ShareThis Page
Home

How you act can influence those you love

| Tuesday, June 12, 2007

"I like salad."

I stared at my 10-year-old sister. Since when does she eat -- and enjoy -- salad•

"I do. I see you or mom or somebody eat it when we go out sometimes and I want to get it but don't know what to order exactly."

Then it became clear to me. She likes it because I like it.

This has been happening a lot recently. I've been noticing changes in both of my younger sisters' likes and dislikes, and all of these changes are more and more what I would do, say or like. I have a mini-me, in a way.

And I will admit. It can be irritating to be copied. Can't you just order what you like? I think sometimes. Why must you wait to see what I want?

My opinion has all of a sudden mattered greatly in my little sisters' lives.

The question, "How do you like what I'm wearing?" is asked quite frequently. How honest should I be to my little sister who just wants to dress like me•

Other popular questions I'm asked usually begin with "Can you...?" There are times I want to respond back with "Can you... just leave me alone?"

I think the feelings I'm expressing here are felt by all older siblings ... or at least most of them. We are watched and followed by our own "mini-mes" and for the most part, find it annoying to always have someone doing the same thing we are. But when I think about it, it's kind of cute.

I have a little sister who looks up to me in such a way that she'll give up chicken fingers for a salad at Applebee's. It's nice to know you have someone who values your opinion, who wants to be just like you, who thinks so highly of you.

On the flip side, I have to always be watching what I do, because every little thing could be copied. If I complain, she complains. If I have a bad attitude, so does she. The language I use will be the language she does. I'm setting standards here! It's not only the taste buds that she alters to be more like mine. It's everything. ... I don't want my little sisters thinking some things are okay. But if I demonstrate that certain things are tolerable they will most definitely follow in that way.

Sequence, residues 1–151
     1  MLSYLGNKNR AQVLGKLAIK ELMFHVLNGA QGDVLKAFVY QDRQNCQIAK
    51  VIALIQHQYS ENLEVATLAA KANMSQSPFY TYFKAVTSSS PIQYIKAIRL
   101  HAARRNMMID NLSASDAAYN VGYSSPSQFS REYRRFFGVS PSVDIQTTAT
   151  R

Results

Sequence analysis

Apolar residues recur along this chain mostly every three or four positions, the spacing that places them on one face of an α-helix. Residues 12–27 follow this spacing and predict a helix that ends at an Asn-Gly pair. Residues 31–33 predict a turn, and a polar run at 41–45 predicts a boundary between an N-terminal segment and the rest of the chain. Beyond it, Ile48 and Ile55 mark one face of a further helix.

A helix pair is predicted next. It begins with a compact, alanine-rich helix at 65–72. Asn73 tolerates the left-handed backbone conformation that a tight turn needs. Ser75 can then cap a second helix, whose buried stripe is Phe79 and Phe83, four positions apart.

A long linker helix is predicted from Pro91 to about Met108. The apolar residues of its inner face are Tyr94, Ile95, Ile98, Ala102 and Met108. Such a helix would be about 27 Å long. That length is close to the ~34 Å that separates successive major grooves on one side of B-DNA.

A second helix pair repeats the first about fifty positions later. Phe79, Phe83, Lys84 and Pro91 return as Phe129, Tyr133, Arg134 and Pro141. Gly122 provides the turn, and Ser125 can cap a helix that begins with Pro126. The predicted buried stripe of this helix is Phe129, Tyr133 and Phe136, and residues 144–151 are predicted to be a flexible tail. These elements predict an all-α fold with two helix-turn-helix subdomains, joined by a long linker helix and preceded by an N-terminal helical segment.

Having followers really pushes me to be a better person. Recently, I've had to pay more attention to the things I'm modeling for them. And yes, sometimes it seems an annoying curse to have little copy-cats. But I know how it is to look up to somebody. And when they accept, help and are nice to you, it makes your world!

So I'm going to do my best to do my part as an older sister. I should start now and go finish my homework on time ...

Nicole Paladin, of North Versailles, is a 16-year-old, home-schooled junior.

TribLIVE commenting policy

You are solely responsible for your comments and by using TribLive.com you agree to our Terms of Service.

We moderate comments. Our goal is to provide substantive commentary for a general readership. By screening submissions, we provide a space where readers can share intelligent and informed commentary that enhances the quality of our news and information.

While most comments will be posted if they are on-topic and not abusive, moderating decisions are subjective. We will make them as carefully and consistently as we can. Because of the volume of reader comments, we cannot review individual moderation decisions with readers.

We value thoughtful comments representing a range of views that make their point quickly and politely. We make an effort to protect discussions from repeated comments either by the same reader or different readers

We follow the same standards for taste as the daily newspaper. A few things we won't tolerate: personal attacks, obscenity, vulgarity, profanity (including expletives and letters followed by dashes), commercial promotion, impersonations, incoherence, proselytizing and SHOUTING. Don't include URLs to Web sites.

We do not edit comments. They are either approved or deleted. We reserve the right to edit a comment that is quoted or excerpted in an article. In this case, we may fix spelling and punctuation.

We welcome strong opinions and criticism of our work, but we don't want comments to become bogged down with discussions of our policies and we will moderate accordingly.

We appreciate it when readers and people quoted in articles or blog posts point out errors of fact or emphasis and will investigate all assertions. But these suggestions should be sent via e-mail. To avoid distracting other readers, we won't publish comments that suggest a correction. Instead, corrections will be made in a blog post or in an article.

click me